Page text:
The future according to Google

Self-driving cars, natural language programming and interior mapping: we explore Google's research labs

Barry Collins
11 Jan 2013

The majority of Google’s income is still derived from search, but nobody could accuse the company of not trying to broaden its reach. In 2011, the company spent more than $5 billion on research and development – 12% of its overall revenue. That figure looks set to increase significantly in 2012, too.

Driving forward

The future according to Google

Google’s best-known research project is so far off the beaten track that the company has faced accusations that it’s frittering away billions on a vanity project for its ever-ambitious founders.

Yet Google’s self-driving car is edging closer to the showroom. It’s been approved for use on the roads of Nevada, Florida and California, provided there’s a human in the driving seat to spot hazards missed by the barrage of sensors (touching the steering wheel, pedals or the big red kill switch in the centre console reverts the car to human control). The company is lobbying hard for access to the roads in several other states, too. In fact, the challenge of getting the car on the road is as political as it is technological. Google spent $9 million in the first half of 2012 lobbying US officials in the Department of Transportation and others, according to The Wall Street Journal.

That isn’t to say there aren’t technological problems to solve. Despite a 64-beam laser scanner on the top of the vehicle, a radar in the front grille, and a camera behind the windscreen, the sensors are unable to detect road markings when the road is wet or snowy. Neither is the car able to park itself – which is odd, considering some of today’s more advanced road cars are already capable of automatic parallel parking. Yet if Google can smooth over the bumps, it may find its competitors in the next decade aren’t Facebook or Apple, but Ford and Toyota.

Natural language programming

Other Google research projects are a little closer to familiar territory. Engineers are, for example, working on a new programming language called Sense Everything, Control Everything (SECE), which aims to make it possible for people to automate tasks using natural language commands. The concept will be familiar to anyone who has used the wonderful web service IFTTT (If This Then That). IFTTT allows you to create “recipes” for selected web services, making it possible to automatically change your Facebook profile every time you change your Twitter avatar, for example, or send your Instagram photos to your inbox.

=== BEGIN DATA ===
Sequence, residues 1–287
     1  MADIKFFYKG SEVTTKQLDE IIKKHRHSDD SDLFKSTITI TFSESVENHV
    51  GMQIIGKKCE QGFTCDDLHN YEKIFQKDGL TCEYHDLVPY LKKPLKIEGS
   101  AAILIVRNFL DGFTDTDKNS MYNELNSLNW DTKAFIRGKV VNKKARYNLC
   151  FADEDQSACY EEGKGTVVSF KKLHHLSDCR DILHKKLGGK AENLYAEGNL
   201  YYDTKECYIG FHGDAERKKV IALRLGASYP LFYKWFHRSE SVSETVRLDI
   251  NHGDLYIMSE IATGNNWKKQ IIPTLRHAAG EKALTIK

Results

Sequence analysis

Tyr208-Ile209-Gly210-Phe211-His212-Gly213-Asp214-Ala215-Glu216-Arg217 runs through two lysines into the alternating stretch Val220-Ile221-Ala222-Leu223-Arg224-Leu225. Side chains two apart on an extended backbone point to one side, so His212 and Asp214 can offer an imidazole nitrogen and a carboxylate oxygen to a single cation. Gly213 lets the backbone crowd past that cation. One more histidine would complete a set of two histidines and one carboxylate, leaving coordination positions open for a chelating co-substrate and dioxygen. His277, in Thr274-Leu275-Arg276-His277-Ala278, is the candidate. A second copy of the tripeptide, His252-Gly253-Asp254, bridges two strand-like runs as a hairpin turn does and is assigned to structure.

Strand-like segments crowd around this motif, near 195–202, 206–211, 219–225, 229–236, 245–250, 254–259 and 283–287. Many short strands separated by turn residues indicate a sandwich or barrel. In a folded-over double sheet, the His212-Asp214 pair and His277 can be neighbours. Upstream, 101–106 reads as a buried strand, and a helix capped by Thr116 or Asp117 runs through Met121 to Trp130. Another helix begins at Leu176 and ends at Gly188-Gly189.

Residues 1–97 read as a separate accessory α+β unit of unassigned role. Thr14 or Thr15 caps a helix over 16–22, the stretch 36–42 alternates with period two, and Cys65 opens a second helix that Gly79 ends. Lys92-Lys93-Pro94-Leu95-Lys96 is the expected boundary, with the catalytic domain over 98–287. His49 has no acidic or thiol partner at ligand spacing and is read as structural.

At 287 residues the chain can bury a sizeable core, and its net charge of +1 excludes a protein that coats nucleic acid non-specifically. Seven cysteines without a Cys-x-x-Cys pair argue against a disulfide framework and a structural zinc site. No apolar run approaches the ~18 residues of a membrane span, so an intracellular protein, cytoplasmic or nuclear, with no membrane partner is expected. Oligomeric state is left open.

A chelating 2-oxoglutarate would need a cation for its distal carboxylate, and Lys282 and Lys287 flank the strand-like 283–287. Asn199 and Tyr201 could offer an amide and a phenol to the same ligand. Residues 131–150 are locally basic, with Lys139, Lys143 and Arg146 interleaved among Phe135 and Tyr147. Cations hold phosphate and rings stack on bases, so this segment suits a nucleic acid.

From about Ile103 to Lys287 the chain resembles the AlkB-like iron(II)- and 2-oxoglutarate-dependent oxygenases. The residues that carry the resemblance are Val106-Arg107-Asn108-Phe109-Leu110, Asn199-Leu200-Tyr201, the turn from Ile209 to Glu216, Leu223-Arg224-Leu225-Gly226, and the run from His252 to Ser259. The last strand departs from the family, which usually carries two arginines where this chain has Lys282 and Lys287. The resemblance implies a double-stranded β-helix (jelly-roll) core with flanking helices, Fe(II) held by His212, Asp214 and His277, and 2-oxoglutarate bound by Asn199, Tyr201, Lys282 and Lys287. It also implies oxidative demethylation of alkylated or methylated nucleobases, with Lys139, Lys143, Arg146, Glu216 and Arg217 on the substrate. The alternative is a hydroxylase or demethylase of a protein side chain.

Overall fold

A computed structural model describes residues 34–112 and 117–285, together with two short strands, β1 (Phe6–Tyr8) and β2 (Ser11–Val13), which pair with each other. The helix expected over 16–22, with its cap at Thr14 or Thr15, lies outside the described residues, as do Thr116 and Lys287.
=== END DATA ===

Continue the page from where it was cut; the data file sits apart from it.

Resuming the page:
SECE takes it a stage further, allowing users to create “rules” for devices ranging from smartphones to home entertainment systems.
Users could write a script that switches on the hallway light at sunset, or sends them a text message if the GPS sensor in their child’s smartphone detects that they’ve strayed more than a mile from school.

The researchers chose to develop SECE in a natural-English-like language “because it’s more powerful and easy to use than XML and form-based solutions”. The script to turn on the home lights when the sun goes down is no more complicated than:

every sunset
{ homelights on; }

The challenge, of course, will be gaining support from manufacturers and developers, although the researchers have ensured their language has the best chance. SECE is being developed in Java “due to its extensive libraries and support for operating systems”, and agents for services such as Facebook are already in development.

Mapping buildings

Another project gives a glimpse of how the company could generate revenue from its huge investment in Android. The project comprises an app that can create a 2D floor plan or 3D model of the inside of a building, using equipment no more sophisticated than the smartphone’s built-in camera.

Using a concept similar to that used in Google’s Street View cars, the app captures data by having the user stand in the centre of the room and make a 360-degree sweep with a smartphone camera. They also have the option to take photos of particular objects and mark specific features.

The future according to Google

“Realtors and homeowners can use our smartphone application to generate tours and floor plans of houses without the need for any extra equipment,” the research paper claims. Virtual tours of public buildings is another potential application.

However, the team concedes there are technical obstacles to overcome first. GPS doesn’t work well indoors, making it difficult to calculate the user’s exact position as they move from room to room. Even today’s top-end smartphones may struggle with the computational demands of stitching together dozens of images from different rooms.

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